Since the 2006 ‘Rannslide’, that electoral buffer has been gradually whittled away. In 2014, Labor was initially left with a bare one-seat majority, and even that was subject to the whim of two independents (this equation has since changed dramatically, but we’re all pretty well across that by now, aren’t we?)

Put simply, by 2018 Labor will not have picked up any seats from the Liberals for 12 years. Twelve years.

The only seat it won at a general election in that time was Mitchell, which it recovered from independent and one-time Labor MP Kris Hanna, and subsequently lost to the Liberals anyway.

And while the Opposition may understandably lament the modest machinations of successive Boundaries Commission reports, the fact is those regular redistributions have gradually helped them erode Labor’s majority. Seat by seat. On paper, they only need one more domino to fall before Weatherill’s ivory tower topples.

And Labor knows this. The party knows if it is to taste victory again in 2018, it must do more than sand-bag marginal seats; it must seize some.

Paul Keating. AAP image

Paul Keating. AAP image

On paper, an obvious target is the fluctuating Mitchell, the Libs’ most marginal seat. However, its incumbent is already a frontbencher, and an energetic one. Corey Wingard is a one-time sports presenter who correspondingly sports the kind of white-toothed visage for which political corflutes were made.

Rachel Sanderson, Vincent Tarzia and David Speirs could find themselves similarly targeted, while the Norwood-centric seat of Dunstan would be vulnerable in the normal run of things, although it would be a remote prospect to unseat the serving Opposition Leader – assuming that is still the case come 2018.

Mt Gambier and Unley have been shown to be vulnerable to shifting sensibilities, while the likes of Redmond’s Heysen and Hamilton-Smith’s Waite could be complicated if there is a credible third party or candidate (though Waite is already effectively Labor anyway.)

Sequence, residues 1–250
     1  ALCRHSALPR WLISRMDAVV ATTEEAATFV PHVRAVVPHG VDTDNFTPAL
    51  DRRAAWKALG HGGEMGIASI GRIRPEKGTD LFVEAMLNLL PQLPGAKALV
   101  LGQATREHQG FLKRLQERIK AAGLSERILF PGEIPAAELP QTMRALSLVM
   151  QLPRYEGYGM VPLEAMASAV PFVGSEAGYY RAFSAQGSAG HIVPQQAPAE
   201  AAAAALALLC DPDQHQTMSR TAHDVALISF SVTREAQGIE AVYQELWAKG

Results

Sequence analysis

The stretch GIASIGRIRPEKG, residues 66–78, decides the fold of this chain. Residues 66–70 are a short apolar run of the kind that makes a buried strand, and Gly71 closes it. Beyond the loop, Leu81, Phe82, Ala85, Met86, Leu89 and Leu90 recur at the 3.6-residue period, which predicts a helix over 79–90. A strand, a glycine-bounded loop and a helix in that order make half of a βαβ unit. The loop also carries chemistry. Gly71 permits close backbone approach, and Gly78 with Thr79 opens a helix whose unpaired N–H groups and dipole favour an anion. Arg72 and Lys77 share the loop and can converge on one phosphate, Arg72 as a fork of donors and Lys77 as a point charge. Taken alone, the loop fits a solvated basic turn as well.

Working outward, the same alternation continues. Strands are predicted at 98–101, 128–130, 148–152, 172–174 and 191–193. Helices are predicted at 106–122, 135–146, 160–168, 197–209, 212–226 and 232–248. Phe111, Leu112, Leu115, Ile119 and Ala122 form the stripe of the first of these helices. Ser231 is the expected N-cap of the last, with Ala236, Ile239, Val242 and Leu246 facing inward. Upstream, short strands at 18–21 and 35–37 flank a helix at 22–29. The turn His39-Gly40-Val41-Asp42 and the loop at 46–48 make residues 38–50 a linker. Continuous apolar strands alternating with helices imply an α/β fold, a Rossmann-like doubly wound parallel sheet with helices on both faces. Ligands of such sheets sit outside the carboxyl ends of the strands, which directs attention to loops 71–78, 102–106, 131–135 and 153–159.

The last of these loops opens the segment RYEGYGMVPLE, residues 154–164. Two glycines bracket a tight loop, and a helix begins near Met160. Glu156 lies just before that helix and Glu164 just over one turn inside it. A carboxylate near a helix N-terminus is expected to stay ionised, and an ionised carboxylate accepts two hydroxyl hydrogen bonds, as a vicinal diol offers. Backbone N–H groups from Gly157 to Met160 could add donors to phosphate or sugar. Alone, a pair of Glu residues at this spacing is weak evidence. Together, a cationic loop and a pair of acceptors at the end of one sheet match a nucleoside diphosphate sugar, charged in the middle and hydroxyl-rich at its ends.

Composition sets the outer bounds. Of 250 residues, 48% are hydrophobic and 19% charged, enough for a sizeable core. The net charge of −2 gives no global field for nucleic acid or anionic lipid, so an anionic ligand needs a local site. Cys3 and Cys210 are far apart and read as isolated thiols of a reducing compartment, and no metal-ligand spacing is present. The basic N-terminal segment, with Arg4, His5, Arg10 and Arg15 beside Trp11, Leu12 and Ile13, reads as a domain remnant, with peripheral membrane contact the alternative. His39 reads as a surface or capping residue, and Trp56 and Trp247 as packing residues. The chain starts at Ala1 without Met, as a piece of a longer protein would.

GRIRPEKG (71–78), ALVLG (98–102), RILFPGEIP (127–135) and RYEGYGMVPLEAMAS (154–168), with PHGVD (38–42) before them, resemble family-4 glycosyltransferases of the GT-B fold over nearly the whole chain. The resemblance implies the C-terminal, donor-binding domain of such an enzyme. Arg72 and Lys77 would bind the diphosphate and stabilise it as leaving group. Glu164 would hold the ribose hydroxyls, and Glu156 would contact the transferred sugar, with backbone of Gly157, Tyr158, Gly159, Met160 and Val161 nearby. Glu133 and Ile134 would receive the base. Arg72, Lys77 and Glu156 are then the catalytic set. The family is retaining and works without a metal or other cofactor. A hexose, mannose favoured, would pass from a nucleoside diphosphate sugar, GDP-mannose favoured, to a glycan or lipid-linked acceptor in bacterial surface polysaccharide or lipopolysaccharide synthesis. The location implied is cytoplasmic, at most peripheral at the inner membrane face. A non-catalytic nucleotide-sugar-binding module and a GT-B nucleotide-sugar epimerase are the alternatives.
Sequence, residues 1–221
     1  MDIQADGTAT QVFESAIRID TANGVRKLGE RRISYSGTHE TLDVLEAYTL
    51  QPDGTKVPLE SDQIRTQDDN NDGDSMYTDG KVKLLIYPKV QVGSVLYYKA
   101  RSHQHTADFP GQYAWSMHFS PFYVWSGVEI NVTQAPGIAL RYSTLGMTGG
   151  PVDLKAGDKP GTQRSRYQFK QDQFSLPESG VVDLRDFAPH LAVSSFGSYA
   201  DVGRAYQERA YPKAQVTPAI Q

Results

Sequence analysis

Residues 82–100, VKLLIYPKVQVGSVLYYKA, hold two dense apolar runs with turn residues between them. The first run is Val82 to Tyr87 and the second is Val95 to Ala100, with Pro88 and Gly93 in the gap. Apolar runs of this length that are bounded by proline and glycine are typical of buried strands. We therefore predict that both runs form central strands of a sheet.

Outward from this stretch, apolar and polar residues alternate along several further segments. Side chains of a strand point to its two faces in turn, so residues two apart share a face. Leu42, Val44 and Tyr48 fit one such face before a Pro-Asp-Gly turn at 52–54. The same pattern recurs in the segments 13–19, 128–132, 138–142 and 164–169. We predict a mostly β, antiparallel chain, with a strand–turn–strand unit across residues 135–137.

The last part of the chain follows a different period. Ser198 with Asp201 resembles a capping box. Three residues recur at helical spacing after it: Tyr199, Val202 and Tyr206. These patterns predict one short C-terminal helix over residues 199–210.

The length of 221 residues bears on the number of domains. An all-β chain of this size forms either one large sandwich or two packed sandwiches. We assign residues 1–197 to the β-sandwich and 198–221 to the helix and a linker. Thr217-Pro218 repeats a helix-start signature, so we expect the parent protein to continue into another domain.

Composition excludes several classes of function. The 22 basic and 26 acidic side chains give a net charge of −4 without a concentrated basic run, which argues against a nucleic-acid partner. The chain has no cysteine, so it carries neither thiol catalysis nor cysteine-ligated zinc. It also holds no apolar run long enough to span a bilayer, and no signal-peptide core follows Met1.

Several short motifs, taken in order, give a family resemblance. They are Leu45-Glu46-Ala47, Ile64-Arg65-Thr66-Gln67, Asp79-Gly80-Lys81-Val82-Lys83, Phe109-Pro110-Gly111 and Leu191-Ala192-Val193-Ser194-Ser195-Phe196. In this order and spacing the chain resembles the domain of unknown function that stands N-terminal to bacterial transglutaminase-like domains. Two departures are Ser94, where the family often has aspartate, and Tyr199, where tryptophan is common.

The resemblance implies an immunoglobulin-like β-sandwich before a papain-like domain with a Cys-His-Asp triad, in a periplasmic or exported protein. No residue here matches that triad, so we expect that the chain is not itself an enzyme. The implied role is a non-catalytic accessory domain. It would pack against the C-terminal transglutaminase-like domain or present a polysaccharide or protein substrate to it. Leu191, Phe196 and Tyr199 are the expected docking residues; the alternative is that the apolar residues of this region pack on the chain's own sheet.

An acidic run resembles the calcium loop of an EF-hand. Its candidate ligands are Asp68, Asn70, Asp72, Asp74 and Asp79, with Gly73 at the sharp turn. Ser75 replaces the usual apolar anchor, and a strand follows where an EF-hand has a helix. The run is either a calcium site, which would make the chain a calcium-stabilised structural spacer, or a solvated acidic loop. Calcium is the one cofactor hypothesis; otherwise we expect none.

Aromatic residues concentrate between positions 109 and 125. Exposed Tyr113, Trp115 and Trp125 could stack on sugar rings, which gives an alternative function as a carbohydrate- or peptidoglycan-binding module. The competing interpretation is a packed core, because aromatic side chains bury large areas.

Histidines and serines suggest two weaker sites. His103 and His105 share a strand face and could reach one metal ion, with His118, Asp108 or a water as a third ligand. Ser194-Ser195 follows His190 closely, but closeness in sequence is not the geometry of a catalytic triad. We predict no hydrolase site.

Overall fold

But any and all of those are unlikely prospects. Incumbency is a solid head-start (with the possible exception of Waite), and of the rest only one or two have the possibility of cleanskin Liberal candidates contesting in the wake of sitting members retiring.

Back in ’06, the Libs’ most marginal seat was Stuart, whose stubborn failure to cede to the Rannslide was attributed to the merits of Liberal stalwart Graham Gunn. But Dan Van Holst Pellekaan now holds it with a margin of more than 20 per cent, which can be read as either an endorsement of his meticulous campaigning or an indictment on the Opposition’s focus on seats they are in no danger of losing. In any case, it now appears to be well beyond Labor’s 2018 calculations.

And moreover, any focus on picking up relatively vulnerable Liberal seats will necessarily detract from the tried-and-tested sandbag campaigns in the Labor-held marginals.

The reality is Weatherill’s Keating moment has likely already passed – when he took to the stage on election night, two years ago this month, glowing with his trademark quiet confidence, a fledgling leader capitalising on his chance.

If he emulates that feat in 2018, though, it really will be his sweetest victory.

And, politically at least, it will be hard earned.

Tom Richardson is a senior journalist with InDaily. His political column is published on Fridays.